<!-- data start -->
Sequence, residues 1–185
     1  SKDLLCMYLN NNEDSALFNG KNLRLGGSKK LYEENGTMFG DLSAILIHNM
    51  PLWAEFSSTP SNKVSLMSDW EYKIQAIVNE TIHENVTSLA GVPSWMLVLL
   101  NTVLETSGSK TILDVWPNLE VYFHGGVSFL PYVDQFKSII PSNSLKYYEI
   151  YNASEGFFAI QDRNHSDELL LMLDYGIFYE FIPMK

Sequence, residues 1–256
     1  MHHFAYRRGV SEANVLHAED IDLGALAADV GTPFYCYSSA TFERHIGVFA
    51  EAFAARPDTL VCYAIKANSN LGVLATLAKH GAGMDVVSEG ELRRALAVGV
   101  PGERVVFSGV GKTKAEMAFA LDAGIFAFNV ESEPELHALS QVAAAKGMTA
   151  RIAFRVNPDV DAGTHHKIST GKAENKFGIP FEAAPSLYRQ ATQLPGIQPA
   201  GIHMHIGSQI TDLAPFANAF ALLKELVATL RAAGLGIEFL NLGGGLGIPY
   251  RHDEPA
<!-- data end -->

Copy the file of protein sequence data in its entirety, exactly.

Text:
Sequence, residues 1–185
     1  SKDLLCMYLN NNEDSALFNG KNLRLGGSKK LYEENGTMFG DLSAILIHNM
    51  PLWAEFSSTP SNKVSLMSDW EYKIQAIVNE TIHENVTSLA GVPSWMLVLL
   101  NTVLETSGSK TILDVWPNLE VYFHGGVSFL PYVDQFKSII PSNSLKYYEI
   151  YNASEGFFAI QDRNHSDELL LMLDYGIFYE FIPMK

Sequence, residues 1–256
     1  MHHFAYRRGV SEANVLHAED IDLGALAADV GTPFYCYSSA TFERHIGVFA
    51  EAFAARPDTL VCYAIKANSN LGVLATLAKH GAGMDVVSEG ELRRALAVGV
   101  PGERVVFSGV GKTKAEMAFA LDAGIFAFNV ESEPELHALS QVAAAKGMTA
   151  RIAFRVNPDV DAGTHHKIST GKAENKFGIP FEAAPSLYRQ ATQLPGIQPA
   201  GIHMHIGSQI TDLAPFANAF ALLKELVATL RAAGLGIEFL NLGGGLGIPY
   251  RHDEPA